1.War and Peace, Leo Tolstoy

This book is considered to be one of Tolstoy’s most important literary achievements. Rehashing and discovering longings addressed thereby such calm strength and feeling of melancholic, subtle sense that one sometimes can bear it. War and Peace are close to its many different stories about Natasha and her adoration for Prince Andrei. The best way to explain the misfortune is by looking at how it is crafted out. It’s so inconspicuous and similar to life that we don’t notice how large it is until it has passed us by.

2. The Way We Live Right Now by Anthony Trollope

Roger Carbury, a beautiful, kind, and principled man, is a man of honor. He is proud of Hetta, his impecunious aunt, and offers his hand as well as his beautiful house in Suffolk. Although she loves, trusts, and confides her feelings in him, she doesn’t love him. Instead, she loves him and his closest friend. Poor Roger is irritable and moans before Trollope helps him to reach the young lady.

3.Middlemarch, George Eliot

The book covers a variety of unrequited relationships, but the most perilous are almost hidden. Mr. Farebrother, an intelligent and liberal vicar, is fond of Mary Garth, who is strong and quick-witted. But, she loves Fred Vincy. Farebrother is a Roger Carbury-like character. He decides that he will help his rival to win his beloved’s affection.

4.Cyrano de Bergerac by Edmond Rostand

Cyrano is an Aristocrat, a daring fighter, an artist, and an author. He was beaten by Roxane, his cousin as is often the case. A gifted writer, he writes romance letters to an ingenious but confused Christian. Christian is murdered and Roxane returns to her community. She realizes that Cyrano charmed her only years later.

5. The Divine Comedy by Dante

Dante doesn’t assume affection will be reciprocated. Sidney’s Arcadia is a standout among the multitude of stories that have been told during this period. This story tells the intimate story of four star-crossed sweethearts. They are half-dealing with an unspoiled form of their interests, but they surrender to the world’s absurdity, confusion, and chaos.

6. Charles Dickens’ Great Expectations

Dickens was pressured to change the ending so that Estella (and Pip) could be reunited, but this doesn’t alter the story of hated lovers. Pip has been charmed throughout the novel by a wanton stouter who will never leave his side. Biddy is a strong and loyal friend to Pip, but he keeps him away from his affections until she marries Joe Gargery.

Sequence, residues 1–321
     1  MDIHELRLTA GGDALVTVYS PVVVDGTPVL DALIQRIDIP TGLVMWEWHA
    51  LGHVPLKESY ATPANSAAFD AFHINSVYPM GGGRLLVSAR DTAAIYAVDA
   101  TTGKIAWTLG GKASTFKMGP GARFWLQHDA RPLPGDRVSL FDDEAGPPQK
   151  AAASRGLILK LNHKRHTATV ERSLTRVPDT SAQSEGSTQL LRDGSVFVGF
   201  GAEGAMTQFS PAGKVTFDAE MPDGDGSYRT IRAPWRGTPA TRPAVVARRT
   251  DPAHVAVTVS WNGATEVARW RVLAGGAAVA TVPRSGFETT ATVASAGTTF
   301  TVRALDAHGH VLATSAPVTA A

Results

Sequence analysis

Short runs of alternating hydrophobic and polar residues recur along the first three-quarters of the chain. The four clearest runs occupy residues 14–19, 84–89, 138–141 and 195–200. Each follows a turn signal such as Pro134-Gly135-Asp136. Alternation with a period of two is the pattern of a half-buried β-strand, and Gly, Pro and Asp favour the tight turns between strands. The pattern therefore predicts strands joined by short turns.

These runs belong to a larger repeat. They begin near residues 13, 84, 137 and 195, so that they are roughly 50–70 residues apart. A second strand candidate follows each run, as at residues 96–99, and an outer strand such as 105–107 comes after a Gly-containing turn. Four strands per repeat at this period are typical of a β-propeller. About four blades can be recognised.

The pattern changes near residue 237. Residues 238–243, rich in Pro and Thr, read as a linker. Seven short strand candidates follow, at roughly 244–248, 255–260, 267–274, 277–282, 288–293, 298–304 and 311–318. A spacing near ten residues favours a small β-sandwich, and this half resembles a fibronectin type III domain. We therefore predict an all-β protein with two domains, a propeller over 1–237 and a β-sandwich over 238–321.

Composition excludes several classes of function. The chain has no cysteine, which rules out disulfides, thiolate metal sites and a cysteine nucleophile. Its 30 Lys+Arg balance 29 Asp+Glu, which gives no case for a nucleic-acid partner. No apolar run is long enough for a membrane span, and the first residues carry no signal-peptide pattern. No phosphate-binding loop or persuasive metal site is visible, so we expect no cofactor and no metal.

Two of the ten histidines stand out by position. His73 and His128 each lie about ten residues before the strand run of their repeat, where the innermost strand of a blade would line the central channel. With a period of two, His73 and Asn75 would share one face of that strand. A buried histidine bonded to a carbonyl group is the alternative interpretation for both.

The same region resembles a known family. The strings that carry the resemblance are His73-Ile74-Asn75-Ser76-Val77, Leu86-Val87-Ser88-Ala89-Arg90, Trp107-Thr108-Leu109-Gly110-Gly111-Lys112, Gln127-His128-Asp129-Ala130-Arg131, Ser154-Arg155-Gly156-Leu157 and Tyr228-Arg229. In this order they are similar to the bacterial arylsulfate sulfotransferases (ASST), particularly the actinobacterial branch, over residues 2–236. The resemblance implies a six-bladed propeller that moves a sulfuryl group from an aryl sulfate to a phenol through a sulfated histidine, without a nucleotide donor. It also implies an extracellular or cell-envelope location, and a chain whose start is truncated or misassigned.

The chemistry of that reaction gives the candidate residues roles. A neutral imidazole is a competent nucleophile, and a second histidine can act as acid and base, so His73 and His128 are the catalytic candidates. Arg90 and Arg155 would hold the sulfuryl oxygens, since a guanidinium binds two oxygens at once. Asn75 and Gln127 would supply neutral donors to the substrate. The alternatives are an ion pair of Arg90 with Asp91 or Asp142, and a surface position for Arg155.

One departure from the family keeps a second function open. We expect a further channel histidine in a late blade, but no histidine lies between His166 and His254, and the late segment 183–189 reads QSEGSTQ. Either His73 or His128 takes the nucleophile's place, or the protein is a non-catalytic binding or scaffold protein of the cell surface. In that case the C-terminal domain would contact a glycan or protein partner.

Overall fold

7.Notre-Dame de Paris – Victor Hugo

Quasimodo, a twisted chime ringer who loves Esmeralda is poor. Esmeralda is the only Parisian who has ever given grace to him. Quasimodo hangs Esmeralda at the end of her hanging. He then kills the minister that double-crossed him and lies with her carcass till he dies from starvation.

8. Virginia Woolf: To the Lighthouse

Woolf does a smart, cunning thing here with a similar subject, in the segment called Time Passes. Woolf tells the story of a family and the all-inclusive circle it transmits from. Woolf calls this a “passage” because Woolf places the unusual, leaf-cleared, and forsaken stretch in the middle of her book, where Mrs. Ramsay doesn’t. The tone and sound of this novel are lonely.

9.Twelfth Night

Orsino is obsessed with Olivia, but he was too excited to let her go. He should realize his pompous indiscretion, and she must discover that her arrangement to be hidden and unsocial for a long while, to grieve her sibling’s passing, is absurd. They are humorously compensated with almost identical twins.

10. La Vita Nuova von Dante

Dante’s collection of expositions and verses was written to honor his darling Beatrice who had died in her 20s. Dante had only met her a couple of times and they had had different partners, but he continued to lust after her. Love is only possible when you are willing to endure.


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